25 02 2008

I took a little break from blogging this weekend, but I am back and in full force. I want to talk right now about education. And as a person who spent her life in public schools, I believe I have every right to lodge a few complaints. I spent some time last night working with my younger sister on a paper she has been asked to write for an advanced placement class. I will not pretend that I am a fantastic writer. But I did manage to survive high school, college, and am now well on my way to earning a masters degree. I think I can safely say that I know a little. And every piece of knowledge that I possess about writing well and the writing process was useless while trying to help my sister. What ever it is that he has taught her, it is incorrect. I’m not saying that this is a different opinion, or a different writing style, but instead that it is just plain wrong. It is as if he is saying that 2+2=7. And apparently he will be the first to admit it. He (my sister’s 10th grade history teacher) claims that his wife, who teaches 11th grade english, has to re-teach them the proper way to write. I do not blame her teacher. After all, he is teaching specifically to a test that students across the country take, the Advanced Placement test. My complaint is with the makers of this test. Document-based questions. Essays that are written based on an idea formed by looking at a series of documents. It is a good idea in theory, for research papers and the like. But I have never, ever written a paper in the format that is taught and considered acceptable for the AP test. Isn’t the point of the advanced placement test to award college credit for college-style work? This is not college-style work. Short, simple sentences without variety in structure or thought. I repeat, this is not college-level work. What it is, is a repression of individuality. There are only so many ways that a document can be interpreted in one short sentence. English and history were always my favorite subjects in school. I have a thing for words, and in my opinion, the bigger, the better. I’ve since been taught that while big words work in some instances, in others, they are useless. These papers that they are being taught to write in order to pass their AP tests and earn college credit are devoid of imagery, descriptors, metaphors, similes, and hyperboles, the marks of good writing. WHY?? Why are students taught to hide their intelligence and creativity in order to pass an advanced placement test? I am not a teacher, but I am a student. I understand the K-I-S-S principle. Keep it simple, stupid. The oxy-moronic version of our education teaches us first to advance our vocabulary and continually challenges us to learn words that never appear in ordinary conversation, and then when we finally come across the opportunity to use the word loquacious (talkative) or acalculia (an inability to perform arithmatic functions), we’re told to keep it simple.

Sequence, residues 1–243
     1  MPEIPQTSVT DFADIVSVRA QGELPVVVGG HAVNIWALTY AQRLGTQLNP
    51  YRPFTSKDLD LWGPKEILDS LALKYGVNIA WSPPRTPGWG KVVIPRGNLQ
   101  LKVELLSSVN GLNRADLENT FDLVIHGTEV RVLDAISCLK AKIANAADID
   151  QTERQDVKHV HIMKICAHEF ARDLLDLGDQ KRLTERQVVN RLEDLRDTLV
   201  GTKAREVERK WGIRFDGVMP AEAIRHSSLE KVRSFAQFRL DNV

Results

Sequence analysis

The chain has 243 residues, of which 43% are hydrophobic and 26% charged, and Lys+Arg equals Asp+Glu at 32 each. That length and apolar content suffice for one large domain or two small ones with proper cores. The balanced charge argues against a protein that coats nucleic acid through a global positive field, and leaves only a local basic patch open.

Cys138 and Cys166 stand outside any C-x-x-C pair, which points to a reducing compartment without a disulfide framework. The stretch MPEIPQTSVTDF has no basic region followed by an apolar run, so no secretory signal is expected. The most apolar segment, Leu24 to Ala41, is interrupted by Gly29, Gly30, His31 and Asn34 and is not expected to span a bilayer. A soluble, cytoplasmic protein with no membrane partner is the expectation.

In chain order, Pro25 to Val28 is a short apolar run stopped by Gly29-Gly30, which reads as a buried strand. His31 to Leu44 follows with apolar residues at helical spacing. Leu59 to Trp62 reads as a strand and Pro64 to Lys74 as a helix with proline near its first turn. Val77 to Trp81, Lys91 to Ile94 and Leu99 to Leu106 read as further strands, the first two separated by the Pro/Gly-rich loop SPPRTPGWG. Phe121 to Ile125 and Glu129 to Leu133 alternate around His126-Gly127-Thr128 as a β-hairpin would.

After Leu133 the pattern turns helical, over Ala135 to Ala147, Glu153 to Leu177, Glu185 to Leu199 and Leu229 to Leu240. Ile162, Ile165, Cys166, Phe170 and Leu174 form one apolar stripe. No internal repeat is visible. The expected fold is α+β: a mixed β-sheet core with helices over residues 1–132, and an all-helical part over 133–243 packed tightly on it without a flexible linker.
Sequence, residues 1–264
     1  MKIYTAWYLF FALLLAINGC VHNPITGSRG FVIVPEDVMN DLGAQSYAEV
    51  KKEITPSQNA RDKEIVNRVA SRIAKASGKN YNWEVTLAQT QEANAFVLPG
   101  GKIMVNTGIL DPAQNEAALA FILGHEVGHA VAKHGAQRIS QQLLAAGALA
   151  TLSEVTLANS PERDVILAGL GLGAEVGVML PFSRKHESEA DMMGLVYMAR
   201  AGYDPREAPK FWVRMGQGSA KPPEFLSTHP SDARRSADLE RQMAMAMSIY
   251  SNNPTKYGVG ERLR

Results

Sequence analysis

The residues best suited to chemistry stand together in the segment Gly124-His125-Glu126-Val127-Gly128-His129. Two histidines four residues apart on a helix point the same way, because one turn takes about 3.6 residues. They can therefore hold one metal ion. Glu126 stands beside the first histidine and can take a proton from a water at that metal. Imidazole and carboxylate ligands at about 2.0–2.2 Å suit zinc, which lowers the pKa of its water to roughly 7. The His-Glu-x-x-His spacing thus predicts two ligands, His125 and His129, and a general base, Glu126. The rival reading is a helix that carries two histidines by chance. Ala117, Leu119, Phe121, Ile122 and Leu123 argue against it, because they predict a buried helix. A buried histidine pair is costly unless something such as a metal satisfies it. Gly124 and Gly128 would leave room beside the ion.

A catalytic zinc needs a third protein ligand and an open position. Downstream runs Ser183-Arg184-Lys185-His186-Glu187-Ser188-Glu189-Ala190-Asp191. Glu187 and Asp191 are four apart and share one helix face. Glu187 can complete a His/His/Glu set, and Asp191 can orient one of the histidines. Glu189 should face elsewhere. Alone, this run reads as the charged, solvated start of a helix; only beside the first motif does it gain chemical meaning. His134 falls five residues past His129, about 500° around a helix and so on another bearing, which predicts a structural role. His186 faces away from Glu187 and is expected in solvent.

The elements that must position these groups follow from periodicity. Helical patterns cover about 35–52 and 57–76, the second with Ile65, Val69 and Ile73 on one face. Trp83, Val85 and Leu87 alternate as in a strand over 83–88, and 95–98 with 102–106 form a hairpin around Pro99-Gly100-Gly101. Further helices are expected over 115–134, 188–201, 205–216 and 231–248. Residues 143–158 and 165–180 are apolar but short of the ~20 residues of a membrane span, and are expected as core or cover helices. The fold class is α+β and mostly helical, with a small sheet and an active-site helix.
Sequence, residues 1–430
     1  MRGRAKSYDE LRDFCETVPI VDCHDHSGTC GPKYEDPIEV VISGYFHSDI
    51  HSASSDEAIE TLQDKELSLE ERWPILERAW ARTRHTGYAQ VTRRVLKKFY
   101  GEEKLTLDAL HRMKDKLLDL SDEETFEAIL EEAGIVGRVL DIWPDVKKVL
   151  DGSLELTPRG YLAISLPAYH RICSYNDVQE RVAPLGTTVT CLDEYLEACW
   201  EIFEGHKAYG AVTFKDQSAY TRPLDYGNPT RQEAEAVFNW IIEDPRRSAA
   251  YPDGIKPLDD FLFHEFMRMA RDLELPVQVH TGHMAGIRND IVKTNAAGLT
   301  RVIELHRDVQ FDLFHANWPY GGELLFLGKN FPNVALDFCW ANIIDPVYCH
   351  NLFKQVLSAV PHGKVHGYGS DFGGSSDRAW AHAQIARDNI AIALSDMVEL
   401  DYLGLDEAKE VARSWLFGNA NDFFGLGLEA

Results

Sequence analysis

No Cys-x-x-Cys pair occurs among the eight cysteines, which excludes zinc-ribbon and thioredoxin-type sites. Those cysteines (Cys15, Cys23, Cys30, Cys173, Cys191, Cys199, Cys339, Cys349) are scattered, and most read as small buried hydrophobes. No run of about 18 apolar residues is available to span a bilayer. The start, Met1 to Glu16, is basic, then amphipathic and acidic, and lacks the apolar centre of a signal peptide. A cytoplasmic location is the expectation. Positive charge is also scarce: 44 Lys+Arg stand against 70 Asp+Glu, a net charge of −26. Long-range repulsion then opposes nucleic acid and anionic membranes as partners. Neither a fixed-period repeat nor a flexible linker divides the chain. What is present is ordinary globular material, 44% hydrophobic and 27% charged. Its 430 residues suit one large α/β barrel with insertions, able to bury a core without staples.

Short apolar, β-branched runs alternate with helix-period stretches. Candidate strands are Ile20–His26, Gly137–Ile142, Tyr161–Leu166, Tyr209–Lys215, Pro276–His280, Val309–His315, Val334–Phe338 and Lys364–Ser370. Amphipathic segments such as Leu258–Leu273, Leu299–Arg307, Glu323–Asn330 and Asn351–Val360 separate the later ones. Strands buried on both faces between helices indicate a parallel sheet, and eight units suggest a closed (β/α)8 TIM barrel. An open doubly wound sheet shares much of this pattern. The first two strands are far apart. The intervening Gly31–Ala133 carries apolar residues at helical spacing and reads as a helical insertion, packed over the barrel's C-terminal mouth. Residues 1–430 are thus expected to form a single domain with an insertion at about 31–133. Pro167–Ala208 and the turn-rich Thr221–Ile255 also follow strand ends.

Yeah. Keep it simple. It is stupid.




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